Title: Dairy Queen
Author: Catherine Gilbert Murdock
Publisher: Houghtong Mifflin Harcourt
Length: 274 pages
Fifteen-year-old D.J. spends most of her time running the family milk farm. When Brian Nelson, quarterback for her school's rival football is sent by his coach to improve his work ethic at her farm, she ends up spending a good part of her summer training him. When school starts, D.J. decides to try out for the football team, which makes her life, already complicated by a family that doesn’t communicate and a best friend who has been acting strange, even more complicated.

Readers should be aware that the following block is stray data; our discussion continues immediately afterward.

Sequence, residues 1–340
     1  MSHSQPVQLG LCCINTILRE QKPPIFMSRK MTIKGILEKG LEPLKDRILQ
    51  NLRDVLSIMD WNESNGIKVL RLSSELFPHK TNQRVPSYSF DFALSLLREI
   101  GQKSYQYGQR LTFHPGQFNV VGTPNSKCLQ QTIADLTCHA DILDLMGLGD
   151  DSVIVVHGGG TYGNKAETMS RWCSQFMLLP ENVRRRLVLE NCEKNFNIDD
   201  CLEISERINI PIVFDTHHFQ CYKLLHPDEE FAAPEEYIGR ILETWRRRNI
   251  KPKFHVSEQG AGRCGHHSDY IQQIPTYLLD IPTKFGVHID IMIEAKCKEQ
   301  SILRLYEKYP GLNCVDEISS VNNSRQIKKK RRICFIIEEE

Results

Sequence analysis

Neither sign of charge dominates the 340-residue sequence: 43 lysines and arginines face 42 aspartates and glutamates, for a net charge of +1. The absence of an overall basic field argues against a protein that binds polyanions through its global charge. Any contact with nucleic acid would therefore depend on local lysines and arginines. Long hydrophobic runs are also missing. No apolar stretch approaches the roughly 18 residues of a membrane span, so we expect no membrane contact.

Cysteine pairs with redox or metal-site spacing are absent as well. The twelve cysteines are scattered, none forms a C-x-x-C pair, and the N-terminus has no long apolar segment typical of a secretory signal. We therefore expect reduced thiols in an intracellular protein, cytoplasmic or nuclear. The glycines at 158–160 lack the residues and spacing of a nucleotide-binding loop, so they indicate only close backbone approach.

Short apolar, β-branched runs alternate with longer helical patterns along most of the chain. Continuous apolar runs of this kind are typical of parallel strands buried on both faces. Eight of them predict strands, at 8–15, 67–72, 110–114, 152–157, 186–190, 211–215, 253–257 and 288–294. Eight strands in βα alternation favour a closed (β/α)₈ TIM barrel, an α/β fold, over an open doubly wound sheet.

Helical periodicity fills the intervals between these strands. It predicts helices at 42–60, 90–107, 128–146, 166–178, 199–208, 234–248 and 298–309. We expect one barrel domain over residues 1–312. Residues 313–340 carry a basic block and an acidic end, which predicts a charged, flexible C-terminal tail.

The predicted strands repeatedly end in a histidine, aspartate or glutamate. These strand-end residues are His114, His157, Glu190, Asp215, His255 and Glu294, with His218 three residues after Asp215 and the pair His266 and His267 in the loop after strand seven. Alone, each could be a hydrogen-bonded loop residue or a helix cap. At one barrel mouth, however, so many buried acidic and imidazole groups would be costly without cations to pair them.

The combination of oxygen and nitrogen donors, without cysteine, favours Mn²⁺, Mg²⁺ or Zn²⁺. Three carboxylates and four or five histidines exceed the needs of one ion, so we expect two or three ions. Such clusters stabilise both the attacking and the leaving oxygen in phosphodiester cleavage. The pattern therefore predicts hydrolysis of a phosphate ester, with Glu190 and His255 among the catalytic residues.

Cows and football are two of my favorite things, so of course I loved this book.
D.J.’s voice is honest, fresh, and hilarious, and you can’t do anything but root for her when she decides to do what makes her happy instead of being just another cow in the pasture. Plus she’s going through a lot of issues that most people can relate with: falling for a guy who is not only out of your league, but also your arch-rival; brothers who are bad a communicating; high family expectations; and changing friendships to name a few.
And in true YA-style, D.J. doesn’t just learn to be a great runningback/line(wo)man, but through the course of the novel, finds her own voice, and learns to stand up for herself.
Written to be a stand-alone book, Dairy Queen is now the first in a trilogy. The series is completed by Off Season and Front and Center.